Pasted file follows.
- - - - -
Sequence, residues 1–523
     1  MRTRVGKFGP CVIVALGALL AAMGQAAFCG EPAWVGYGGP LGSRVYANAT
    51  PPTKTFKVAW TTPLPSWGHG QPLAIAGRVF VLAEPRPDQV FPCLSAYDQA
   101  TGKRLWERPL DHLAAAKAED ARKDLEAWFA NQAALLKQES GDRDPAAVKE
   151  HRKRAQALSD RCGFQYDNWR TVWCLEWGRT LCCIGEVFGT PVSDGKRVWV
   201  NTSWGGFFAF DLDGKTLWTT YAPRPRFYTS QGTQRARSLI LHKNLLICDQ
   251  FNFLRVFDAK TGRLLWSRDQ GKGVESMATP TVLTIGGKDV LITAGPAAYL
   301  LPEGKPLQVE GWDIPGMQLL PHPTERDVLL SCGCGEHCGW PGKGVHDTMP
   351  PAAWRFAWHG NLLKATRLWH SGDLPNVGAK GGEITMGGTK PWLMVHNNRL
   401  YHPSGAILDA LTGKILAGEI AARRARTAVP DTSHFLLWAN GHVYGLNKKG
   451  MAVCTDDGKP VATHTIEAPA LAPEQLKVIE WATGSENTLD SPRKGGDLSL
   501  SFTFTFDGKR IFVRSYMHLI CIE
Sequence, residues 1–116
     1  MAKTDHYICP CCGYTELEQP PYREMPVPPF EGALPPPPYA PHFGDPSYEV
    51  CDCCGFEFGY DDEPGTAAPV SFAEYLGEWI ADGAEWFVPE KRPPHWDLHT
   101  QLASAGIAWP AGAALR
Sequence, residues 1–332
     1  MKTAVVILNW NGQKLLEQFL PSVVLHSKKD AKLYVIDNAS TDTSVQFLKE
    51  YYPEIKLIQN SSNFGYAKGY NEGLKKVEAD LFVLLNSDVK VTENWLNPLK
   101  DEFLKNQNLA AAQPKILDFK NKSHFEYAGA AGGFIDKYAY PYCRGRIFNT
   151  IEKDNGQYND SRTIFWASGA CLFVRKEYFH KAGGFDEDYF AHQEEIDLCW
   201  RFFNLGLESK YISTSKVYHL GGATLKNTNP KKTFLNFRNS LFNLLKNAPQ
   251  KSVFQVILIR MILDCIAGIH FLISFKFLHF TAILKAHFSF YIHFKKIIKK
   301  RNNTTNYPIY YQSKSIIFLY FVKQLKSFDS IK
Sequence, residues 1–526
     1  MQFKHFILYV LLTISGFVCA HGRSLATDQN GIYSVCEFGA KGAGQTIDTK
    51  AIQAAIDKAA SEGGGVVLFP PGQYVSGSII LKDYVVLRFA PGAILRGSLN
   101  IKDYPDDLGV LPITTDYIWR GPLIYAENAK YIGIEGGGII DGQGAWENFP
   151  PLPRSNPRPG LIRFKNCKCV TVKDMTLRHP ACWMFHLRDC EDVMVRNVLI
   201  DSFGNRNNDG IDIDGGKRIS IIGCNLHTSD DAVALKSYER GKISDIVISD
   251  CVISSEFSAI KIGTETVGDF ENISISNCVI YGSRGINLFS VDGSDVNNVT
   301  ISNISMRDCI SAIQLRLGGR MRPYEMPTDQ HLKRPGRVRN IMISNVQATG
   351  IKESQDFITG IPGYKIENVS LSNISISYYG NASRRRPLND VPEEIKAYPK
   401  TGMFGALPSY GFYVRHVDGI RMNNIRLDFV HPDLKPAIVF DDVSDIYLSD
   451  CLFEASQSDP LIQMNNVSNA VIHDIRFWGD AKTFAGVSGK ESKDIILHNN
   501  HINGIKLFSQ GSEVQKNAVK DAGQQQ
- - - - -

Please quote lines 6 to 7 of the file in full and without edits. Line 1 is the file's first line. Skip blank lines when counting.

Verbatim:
   201  NTSWGGFFAF DLDGKTLWTT YAPRPRFYTS QGTQRARSLI LHKNLLICDQ
   251  FNFLRVFDAK TGRLLWSRDQ GKGVESMATP TVLTIGGKDV LITAGPAAYL